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Budget and Policy Post
March 22, 2019

The 2019-20 Budget

The Governor’s Proposal for a New Office of Digital Innovation

In this post, we describe the Governor’s 2019‑20 budget proposal to create a new office within California’s Government Operations Agency (GovOps)—the Office of Digital Innovation (ODI). We then provide issues for legislative consideration, including key questions about the office’s implementation and legislative oversight of its activities. The administration recently released proposed statutory changes to implement ODI. We will review the proposed legislation in the coming days and, if needed, update our analysis.


Role of GovOps. GovOps oversees ten state departments, boards, and programs with broad operational responsibilities including the state’s two largest pension systems; two major tax departments; and departments that provide critical administrative functions such as the California Department of Human Resources (CalHR), the California Department of Technology (CDT), and the Department of General Services. The mission of the agency is to improve the accountability and management of government programs, increase their efficiency, and promote more coordinated operational decisions. GovOps is also tasked with a number of targeted initiatives such as the Civil Service Improvement initiative, the Department of Motor Vehicles Strike Team, and the upcoming federal 2020 Census.

Role of CDT. CDT, a department within GovOps, is the state’s central information technology (IT) organization and has broad authority over all aspects of technology in state government. As shown in Figure 1, this authority includes (1) the delivery of technology-related services to departments (through CDT’s Office of Technology Services); (2) providing IT project approval and oversight, including CDT’s project approval process (through the Office of Statewide Project Delivery); (3) the development and delivery of state IT leadership and workforce training (through the Office of Professional Development); and (4) the initiation of new innovation efforts such as the creation of a new website that makes government data more accessible to the public (through CDT’s Office of Digital Innovation).

Figure 1 - CDT's Organizational Chart


Administration Identifies Challenges Californians Face When Interacting With Government. As part of the Governor’s 2019‑20 budget proposal, the administration indicated a need to make a change in the way California government interacts and delivers services to residents. Specifically, the budget identifies that when residents interact with government services today, “outdated tools and complex systems make these interactions cumbersome and frustrating.” The budget also provides that “manual processes and the lack of digital services often require citizens to take time off work and go to a physical office to interact directly with government staff.” (“Digital services” use technology to improve how government services are delivered.)

Governor’s Budget Proposes New ODI Within GovOps. The Governor’s 2019‑20 budget proposes $36.2 million total funds ($33.7 million General Fund) and 50 positions to create a new office, ODI, as a separate office within GovOps. (The Governor also requests $148,000 General Fund in a separate budget proposal for CalHR to provide human resources support to ODI.) The office would be broadly focused on improving how state departments deliver services to residents and invest in technology. Based on our discussions with the administration and on information from the proposal, ODI’s mission would be to:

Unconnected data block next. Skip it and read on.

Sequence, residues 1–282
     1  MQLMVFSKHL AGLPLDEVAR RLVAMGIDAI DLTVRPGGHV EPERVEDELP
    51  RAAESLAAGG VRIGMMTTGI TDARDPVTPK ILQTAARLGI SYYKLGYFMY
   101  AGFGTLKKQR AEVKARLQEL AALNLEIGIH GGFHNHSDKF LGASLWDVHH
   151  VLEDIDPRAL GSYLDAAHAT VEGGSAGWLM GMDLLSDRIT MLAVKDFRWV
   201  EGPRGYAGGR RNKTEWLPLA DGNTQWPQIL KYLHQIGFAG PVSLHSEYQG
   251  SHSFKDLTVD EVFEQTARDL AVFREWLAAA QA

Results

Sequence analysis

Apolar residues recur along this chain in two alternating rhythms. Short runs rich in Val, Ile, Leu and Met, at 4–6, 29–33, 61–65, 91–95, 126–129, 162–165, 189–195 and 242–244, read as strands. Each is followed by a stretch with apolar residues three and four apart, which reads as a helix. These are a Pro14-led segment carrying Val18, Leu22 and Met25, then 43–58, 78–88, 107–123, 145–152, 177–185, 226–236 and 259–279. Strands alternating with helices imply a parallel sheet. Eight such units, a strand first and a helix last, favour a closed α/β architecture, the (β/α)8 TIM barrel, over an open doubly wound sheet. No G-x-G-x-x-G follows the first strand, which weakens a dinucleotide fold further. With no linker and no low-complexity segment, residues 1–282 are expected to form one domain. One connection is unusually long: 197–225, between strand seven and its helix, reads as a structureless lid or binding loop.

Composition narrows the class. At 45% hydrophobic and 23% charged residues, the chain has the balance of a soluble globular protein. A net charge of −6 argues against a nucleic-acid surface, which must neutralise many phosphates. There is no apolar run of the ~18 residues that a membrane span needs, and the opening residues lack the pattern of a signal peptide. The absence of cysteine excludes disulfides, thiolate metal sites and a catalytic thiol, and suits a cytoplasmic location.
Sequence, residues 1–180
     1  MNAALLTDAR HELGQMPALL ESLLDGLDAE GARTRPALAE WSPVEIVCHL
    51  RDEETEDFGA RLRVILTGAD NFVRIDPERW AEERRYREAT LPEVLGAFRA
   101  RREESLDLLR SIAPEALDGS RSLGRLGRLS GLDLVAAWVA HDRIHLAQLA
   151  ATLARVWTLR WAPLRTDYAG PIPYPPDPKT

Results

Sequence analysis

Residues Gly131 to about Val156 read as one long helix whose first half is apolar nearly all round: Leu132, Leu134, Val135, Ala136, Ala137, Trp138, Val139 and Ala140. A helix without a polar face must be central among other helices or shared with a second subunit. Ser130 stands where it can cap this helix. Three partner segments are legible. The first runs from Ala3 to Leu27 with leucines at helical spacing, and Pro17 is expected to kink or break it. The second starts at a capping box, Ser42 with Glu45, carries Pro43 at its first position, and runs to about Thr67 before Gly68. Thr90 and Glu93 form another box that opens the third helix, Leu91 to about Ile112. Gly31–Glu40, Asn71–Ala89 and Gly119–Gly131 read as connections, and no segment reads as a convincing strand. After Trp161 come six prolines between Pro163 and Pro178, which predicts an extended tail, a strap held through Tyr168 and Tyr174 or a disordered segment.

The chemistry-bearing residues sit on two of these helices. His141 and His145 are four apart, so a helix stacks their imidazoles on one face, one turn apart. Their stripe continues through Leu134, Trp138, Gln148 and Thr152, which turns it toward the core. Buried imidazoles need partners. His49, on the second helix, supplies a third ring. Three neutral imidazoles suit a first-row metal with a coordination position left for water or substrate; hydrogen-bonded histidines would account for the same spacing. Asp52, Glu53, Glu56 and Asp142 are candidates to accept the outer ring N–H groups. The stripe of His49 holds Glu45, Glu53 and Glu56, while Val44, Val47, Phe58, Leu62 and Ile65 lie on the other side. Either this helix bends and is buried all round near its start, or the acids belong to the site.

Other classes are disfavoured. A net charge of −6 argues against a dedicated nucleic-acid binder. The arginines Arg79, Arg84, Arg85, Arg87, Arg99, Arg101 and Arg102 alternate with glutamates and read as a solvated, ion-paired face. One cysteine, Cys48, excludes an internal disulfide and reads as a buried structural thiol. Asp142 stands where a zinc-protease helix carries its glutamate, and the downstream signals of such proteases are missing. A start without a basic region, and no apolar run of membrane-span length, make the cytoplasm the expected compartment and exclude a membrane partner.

• Select and work with departments to “reengineer” their business processes—that is, evaluating their business processes from start to finish to make them more cost-effective and efficient—and develop and implement digital services.

  • Establish a new Innovation Academy that trains all state government executives, managers, and supervisors on key skill sets, including change management (approaches to prepare a department for organizational change) and continuous improvement (ongoing efforts to improve processes, programs, and services). The Academy would also provide optional training to state IT staff on various topics.

  • Develop guidance, policies, and procedures on the delivery of digital services statewide.

Figure 2 provides a breakdown of the estimated 2019‑20 and ongoing expenditures associated with the Governor’s 2019‑20 budget proposal.

Figure 2

ODI’s Preliminary 2019‑20 and Ongoing Expenditures



2020‑21 and Ongoing

Innovation Fund


Project staff:









Contract servicesa


Training (anticipated reimbursements from departments)



Administrative, fiscal, human resources, and information technology servicesb






Main office



Training facility









aContract services include, for example, subject‑matter experts from organizations similar to ODI.

bServices provided by other departments such as the California Department of Human Resources (human resources) and the Department of General Services (fiscal services), on behalf of ODI though interagency agreements.

ODI = Office of Digital Innovation.

Largest Expenditure is One-Time Appropriation for “Innovation Fund” in 2019‑20. The proposal includes a one-time appropriation of $20 million General Fund to create an Innovation Fund that would primarily fund various efforts that ODI identifies as necessary to improve departmental business processes and service delivery models. The administration indicates that the fund could also be used for business process reengineering (defined above) and as a contingency fund for unforeseen challenges in the development and implementation of departments’ various efforts.

Issues for Legislative Consideration